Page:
Workers are Unhappy … Or Are They?
A Stock Pick for the Working World
In Case you Missed It
Much fuss was made this week after a report was released that showed U.S. job satisfaction at its lowest level in two decades. In a time when millions are out of work, you’d think people would be happy to have almost any jobs.
The Conference Board, a research firm funded by about 2,000 companies, commissioned the report, called “I Can’t Get No … Job Satisfaction, That Is.”
The Conference Board concluded that “Americans of all ages and income brackets continue to grow increasingly unhappy at work,” and this message was widely discussed and repeated.
The report was based on the answers of 2,900 respondents to a summer questionnaire about consumer confidence. Participants were also asked to rate how satisfied they are with their work on a scale of one to five, with five being the most satisfied.
Only 45% of the respondents marked either four or five, which is the lowest level since the board began asking people the question in 1987, when 61% of respondents expressed satisfaction.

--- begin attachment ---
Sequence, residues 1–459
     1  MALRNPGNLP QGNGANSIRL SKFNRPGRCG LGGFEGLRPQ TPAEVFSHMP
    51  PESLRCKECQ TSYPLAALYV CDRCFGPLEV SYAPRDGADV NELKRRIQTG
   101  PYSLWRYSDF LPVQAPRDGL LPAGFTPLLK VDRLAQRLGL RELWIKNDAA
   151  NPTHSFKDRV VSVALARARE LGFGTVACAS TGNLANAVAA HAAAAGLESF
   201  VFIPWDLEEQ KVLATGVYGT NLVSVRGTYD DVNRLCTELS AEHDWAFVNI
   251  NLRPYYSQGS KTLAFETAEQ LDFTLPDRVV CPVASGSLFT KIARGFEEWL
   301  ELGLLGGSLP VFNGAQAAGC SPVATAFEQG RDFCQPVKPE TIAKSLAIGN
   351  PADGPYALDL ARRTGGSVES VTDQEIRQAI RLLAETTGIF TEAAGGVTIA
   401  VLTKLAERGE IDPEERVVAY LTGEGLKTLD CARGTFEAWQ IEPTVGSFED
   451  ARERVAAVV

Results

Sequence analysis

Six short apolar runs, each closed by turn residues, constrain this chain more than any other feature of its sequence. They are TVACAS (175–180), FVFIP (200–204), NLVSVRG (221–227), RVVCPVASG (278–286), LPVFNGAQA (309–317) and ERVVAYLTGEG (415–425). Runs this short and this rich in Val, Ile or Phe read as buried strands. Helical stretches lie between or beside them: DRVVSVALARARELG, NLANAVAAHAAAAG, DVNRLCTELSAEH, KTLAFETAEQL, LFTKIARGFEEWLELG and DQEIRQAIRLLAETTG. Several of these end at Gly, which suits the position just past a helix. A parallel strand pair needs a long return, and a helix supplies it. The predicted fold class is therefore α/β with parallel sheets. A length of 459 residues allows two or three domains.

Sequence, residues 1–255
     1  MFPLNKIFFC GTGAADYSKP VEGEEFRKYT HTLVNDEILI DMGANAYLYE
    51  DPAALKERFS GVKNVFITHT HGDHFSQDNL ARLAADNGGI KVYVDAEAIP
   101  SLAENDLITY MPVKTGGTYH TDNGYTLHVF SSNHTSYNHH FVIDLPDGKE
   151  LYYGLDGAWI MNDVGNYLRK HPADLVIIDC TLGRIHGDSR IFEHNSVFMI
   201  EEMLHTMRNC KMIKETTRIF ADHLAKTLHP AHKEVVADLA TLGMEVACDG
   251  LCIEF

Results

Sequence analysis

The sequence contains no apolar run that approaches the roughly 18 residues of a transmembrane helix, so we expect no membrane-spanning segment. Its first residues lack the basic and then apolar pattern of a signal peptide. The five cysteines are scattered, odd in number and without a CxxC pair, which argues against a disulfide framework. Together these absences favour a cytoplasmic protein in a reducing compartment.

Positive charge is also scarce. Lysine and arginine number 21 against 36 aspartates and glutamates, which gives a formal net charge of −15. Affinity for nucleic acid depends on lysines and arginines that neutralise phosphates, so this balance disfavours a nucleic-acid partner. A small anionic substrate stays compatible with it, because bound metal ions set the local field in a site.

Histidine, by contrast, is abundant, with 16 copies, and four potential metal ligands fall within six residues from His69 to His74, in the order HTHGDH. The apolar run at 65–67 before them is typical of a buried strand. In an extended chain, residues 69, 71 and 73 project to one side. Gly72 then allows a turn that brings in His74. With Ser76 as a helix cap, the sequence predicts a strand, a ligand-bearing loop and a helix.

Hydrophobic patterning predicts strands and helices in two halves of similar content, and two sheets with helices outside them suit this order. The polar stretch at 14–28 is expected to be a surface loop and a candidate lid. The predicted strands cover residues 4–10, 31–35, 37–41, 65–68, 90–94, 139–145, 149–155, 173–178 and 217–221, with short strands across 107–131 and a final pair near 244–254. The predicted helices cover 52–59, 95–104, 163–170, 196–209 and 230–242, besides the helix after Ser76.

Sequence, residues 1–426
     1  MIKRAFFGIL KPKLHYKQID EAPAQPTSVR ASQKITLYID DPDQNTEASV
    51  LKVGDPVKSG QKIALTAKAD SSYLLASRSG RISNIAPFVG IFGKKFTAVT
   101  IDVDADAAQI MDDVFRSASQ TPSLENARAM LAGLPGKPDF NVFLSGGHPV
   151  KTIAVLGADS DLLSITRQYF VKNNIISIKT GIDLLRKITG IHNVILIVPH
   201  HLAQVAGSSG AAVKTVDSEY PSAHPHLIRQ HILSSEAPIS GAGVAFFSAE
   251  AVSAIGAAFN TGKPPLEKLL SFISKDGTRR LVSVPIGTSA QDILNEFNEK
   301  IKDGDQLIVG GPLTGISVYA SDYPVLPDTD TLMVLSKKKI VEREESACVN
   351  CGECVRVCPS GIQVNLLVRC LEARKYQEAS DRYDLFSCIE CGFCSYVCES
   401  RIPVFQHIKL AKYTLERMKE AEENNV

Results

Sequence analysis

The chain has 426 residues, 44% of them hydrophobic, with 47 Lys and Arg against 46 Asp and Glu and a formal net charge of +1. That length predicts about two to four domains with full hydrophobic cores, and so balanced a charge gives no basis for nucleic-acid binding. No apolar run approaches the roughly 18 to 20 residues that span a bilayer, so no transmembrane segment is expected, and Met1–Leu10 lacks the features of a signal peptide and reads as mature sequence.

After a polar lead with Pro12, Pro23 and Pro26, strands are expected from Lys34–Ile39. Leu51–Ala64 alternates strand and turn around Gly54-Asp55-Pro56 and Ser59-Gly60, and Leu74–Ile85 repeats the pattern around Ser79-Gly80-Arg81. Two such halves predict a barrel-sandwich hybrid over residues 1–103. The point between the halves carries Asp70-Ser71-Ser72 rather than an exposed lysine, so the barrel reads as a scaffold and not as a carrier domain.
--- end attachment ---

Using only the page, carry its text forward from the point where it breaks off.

When asked to name the most enjoyable parts of their jobs, the top answer from respondents was the commute. Not exactly a vote of confidence for their employers. (Enjoying the company of their co-workers was the respondents’ second best part of the workday.)
After the dust settled around this report, some people started questioning the vast discrepancies seen here compared with the findings of other job satisfaction studies.
Other polls that have measured job satisfaction in both good and bad times have found nearly nine out of 10 people are happy with the work they do.
Gallup has conducted a poll every August for the last 20 years that found 85% to 94% of respondents were either completely or somewhat satisfied with their jobs.
Some skeptics of the Conference Board’s report pointed to the fact that some of its earlier reports contained answers from people not chosen at random (although participants do encompass a wide range of ethnicities, ages and incomes) and the phrasing in the questions about topics like job satisfaction is open to interpretation.
Perhaps more people are dissatisfied by their jobs because the recession has forced to them to take employment below what they see as their proper level or in a different field than they would prefer.
Dilbert cartoonist Scott Adams offered a different view: “When the economy was good, everybody was happier, no matter what their job was. The fact that you can’t change jobs in this economy makes you think your current job is worse.”